Last week Eugene Kaspersky posted a blog about his company’s – and more importantly the entire industry’s – struggle to ensure consumers have a simple and unhindered method to choose a security product.
As someone who’s been very close to the issues highlighted in Eugene’s blog I agree in principle with the majority of the points mentioned. In fact I could probably add my own list of examples, changes and concerns.
It is not surprising that Microsoft promotes Windows Defender and leverages its position as the operating system provider. Microsoft wants the operating system to be secure and the users’ experience to be free from malicious attacks. Windows 10 comes with Windows Defender switched on, and without any prompting very few people will consider installing an alternative..
An area we should also consider is that if you have a dominant vendor in any particular geography, does it increase or decrease the likelihood of being infected? A group of researchers analyzed data from over a billion machines running Microsoft’s Malicious Software Removal Tool; this runs on nearly every Windows machine to assist in removing specific, prevalent malicious software from computers.
The report was summarized by Neil Rubenking at PCMag. His article states: “Some countries exhibited a dismal diversity rating, with one product protecting the majority of all systems. These countries routinely displayed a higher-than-average infection rate, while those with more diversity had a lower rate.”
Simply put, this means if there is a dominant product in any region, there are more infections.
This is not surprising. Imagine a city where 50% of properties have the same alarm system: the thieves would only need to focus on how to breach one system and then have access to 50% of the properties. Cybercrime is a business and the bad guys know how to focus to make money; I am sure they would welcome a dominant anti-malware product.
Another concerning conclusion in the report is that people continually switch anti-malware vendors, with approximately one third doing so every four months or less. Rubenking states: “Countries with a high rate of infection also showed a high rate of ‘churn’, with many users switching antivirus products.”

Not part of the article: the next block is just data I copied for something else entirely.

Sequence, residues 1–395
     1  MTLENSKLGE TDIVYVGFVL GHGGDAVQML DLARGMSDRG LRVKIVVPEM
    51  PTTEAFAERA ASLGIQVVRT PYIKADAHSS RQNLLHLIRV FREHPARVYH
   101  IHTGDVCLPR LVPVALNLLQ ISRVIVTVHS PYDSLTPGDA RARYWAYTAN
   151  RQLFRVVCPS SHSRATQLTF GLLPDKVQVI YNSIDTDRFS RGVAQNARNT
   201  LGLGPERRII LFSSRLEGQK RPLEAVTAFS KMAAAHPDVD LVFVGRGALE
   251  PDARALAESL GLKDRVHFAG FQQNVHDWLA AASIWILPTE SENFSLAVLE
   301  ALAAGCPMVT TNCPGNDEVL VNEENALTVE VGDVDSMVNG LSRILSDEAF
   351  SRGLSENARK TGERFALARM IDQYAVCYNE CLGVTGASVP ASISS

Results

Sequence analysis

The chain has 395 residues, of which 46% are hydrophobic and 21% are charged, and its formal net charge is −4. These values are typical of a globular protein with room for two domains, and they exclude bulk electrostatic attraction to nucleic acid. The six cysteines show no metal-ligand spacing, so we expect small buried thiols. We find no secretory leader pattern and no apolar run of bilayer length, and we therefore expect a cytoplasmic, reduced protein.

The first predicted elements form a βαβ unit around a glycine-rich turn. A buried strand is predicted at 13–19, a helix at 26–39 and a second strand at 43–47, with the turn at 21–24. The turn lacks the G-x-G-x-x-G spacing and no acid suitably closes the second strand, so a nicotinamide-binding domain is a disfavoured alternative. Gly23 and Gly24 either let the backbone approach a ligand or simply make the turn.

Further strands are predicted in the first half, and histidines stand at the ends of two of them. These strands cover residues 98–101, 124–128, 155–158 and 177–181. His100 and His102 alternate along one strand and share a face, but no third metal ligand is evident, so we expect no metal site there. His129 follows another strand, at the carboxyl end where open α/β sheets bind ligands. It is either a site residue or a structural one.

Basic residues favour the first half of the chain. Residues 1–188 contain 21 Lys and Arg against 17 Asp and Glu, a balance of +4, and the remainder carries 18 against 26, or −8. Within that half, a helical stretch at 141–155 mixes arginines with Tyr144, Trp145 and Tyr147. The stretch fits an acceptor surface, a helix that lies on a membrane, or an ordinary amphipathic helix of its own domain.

The report hypothesizes that the churn is due to dissatisfaction with the anti-malware product. There are no proof points for this but it sounds plausible. Many anti-malware products expire yearly and then many people choose to run free products meaning that some switching is reasonable. I would have expected the rate of churn to be closer to 20% as opposed to the third stated in the data.
Microsoft wants Windows 10 to be a great experience for the user and the drive to make it the most secure Windows version yet is clearly top of the agenda. Taking the data points above that a single anti-malware product’s dominance increases infection and that churn is probably caused by dissatisfaction, then it’s clear that Microsoft needs the independent anti-malware vendors as much as the vendors need Microsoft.
While the industry considers its options, such as Eugene Kaspersky’s implication that his company will make a complaint to the European Commission, it would seem sensible for the industry to engage with Microsoft to explore potential dissatisfaction and assist in delivering the best Windows experience.
However, understanding the pressure that many of the companies have to monetize and return large dividends to their investors, I feel that there could be some resistance to changing the way anti-malware products communicate and behave.